Peter closes his eyes and sighs deeply.

For a while, all he does is concentrate on the warmth and the familiar smells, the feeling of terrycloth under his cheek. He's grateful that he has this chance – he could be out now torturing Muggles instead, like the others, like Draco. The boy must be miserable. Peter shudders.

He doesn't want to think of it, of the screams and the pleas for mercy, that look of confused horror in the eyes of their victims, as if they were children who had found out that the monsters they imagined under the bed are real.

The worst thing is that they are real – they are all around him. He is one of them now, and there is no escape.

Peter tries to banish the thoughts, to focus on nothing but the present, but it's hard, almost impossible. What are Grandma's guestroom and a plush toy against what he's done to himself? What he is doing to others?

There used to be a time when he still tried deluding himself, when he pretended that one day, he would gather his courage and leave all of this behind. Slip away in the dead of the night, to a faraway country where nobody knew him. To be free and never look back. But he has long realised that he is too weak and too much of a coward; a cruel master he knows seems safer than a freedom he has never experienced. A freedom you don't deserve, the shadows of the dead whisper into his mind. And maybe that is why he stayed when he could have left without danger, when the Dark Lord had not yet returned.

He knows he's a wretch, that he is disgusting, has known it ever since that day when he chose his own life over the lives of James's family. If only he'd been braver, more like them. If only he had found the courage to tell somebody what happened. If only he had resisted – he might have been killed, but Lily and James would have been safe, they and their boy.

If only he were dead. Not too much of a coward to do it.

Peter sniffles weakly, and he hates himself for it. It's no use crying over spilt milk, and it's all his own fault. He doesn't deserve to feel sorry for himself. Only he does, and for a while, all he can do is cry into Matilda's soft fur until he runs out of tears.

Finally he's no longer sobbing, and he's exhausted, his eyelids drooping. But he knows he won't sleep well; most likely, he'll only doze and jerk awake every half hour. It's not enough like this, not today. He needs more, the one thing that will make him feel almost safe. Nothing can truly do it, not since that day when he'd caved in to the Dark Lord's intimidation, when he'd betrayed his friends – and himself.

With a shaky sigh, Peter reaches for his wand. When he raises it, he hesitates – blood is buzzing in his ears, and his heart is hammering wildly. For a moment, he's close to speaking a different incantation entirely, turning his room back to the way it's supposed to be. Then he shakes his head, breathes deeply, and says the spell.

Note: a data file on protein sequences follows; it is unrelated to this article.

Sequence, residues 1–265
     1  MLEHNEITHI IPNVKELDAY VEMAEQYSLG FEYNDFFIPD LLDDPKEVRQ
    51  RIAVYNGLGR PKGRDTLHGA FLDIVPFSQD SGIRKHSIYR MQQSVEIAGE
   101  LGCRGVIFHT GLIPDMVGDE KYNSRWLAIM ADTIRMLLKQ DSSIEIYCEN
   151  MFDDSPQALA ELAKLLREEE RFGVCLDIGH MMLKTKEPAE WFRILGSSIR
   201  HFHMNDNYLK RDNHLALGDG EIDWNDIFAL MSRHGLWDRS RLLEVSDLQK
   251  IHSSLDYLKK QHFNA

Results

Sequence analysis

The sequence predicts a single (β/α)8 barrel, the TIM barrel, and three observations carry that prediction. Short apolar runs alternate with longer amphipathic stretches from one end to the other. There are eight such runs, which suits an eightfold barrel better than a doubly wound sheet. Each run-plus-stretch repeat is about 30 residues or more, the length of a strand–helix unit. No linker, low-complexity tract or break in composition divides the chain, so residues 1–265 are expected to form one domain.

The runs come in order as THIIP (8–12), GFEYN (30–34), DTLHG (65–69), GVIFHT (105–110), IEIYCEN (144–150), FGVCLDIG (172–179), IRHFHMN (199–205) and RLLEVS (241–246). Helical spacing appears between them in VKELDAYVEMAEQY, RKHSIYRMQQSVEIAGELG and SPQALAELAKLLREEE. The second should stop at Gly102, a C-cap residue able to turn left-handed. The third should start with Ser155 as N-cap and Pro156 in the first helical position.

The relief is immediate, and Peter feels silly for it as he puts away the wand again and snuggles under the covers. He's a man of 38, and this is bizarre beyond anyone's imagination – more proof of how pathetic he is. But he needs this, the safe, warm feeling that nothing else can give him.

At home, he could never sleep very well. Dad would get mad if he found the bed wet in the morning, but he'd refused to let him wear nappies. When Peter had been four he'd taken them away, and there had been a slap in the morning each time Peter hadn't managed to stay dry – almost every night. It had gone like this until he'd been almost ten, and even after, when he'd been home from Hogwarts for the holidays, he'd never felt comfortable in his bed again. There were too many bad memories, of shame and guilt, and fear of the morning.

Grandma had never been like that. She had never even commented on it when he'd slept over on the nights when Dad had to work night shifts, and during holidays. She'd only brought him to bed, put a nappy on him, and tucked him in with a smile and a kiss. Peter knows that he should have felt ashamed at some point, should have felt too old – only he never had. Not when Dad had been so angry and he so afraid, while she made him feel safe and as if there was nothing terribly wrong with him.

Sometimes he wonders how it would have been had his mother not died. He barely remembers her; he'd been only two and Dad hadn't liked to talk about her. But Peter likes to imagine that she'd have been like Grandma, even though Grandma was Dad's and not her mother. Would she have let him have nappies or are there magical ways to deal with it? As a Muggle, Dad had never investigated that question.

Peter hesitates before he reaches down and brushes his fingers over the smooth plastic of the nappy he conjured. Warmth seeps through his every pore and makes him feel heavy and content, the way he remembers feeling at Grandma's. He curls up tighter under the blanker and closes his eyes, raising Matilda to his face so that his nose is buried against her fur again.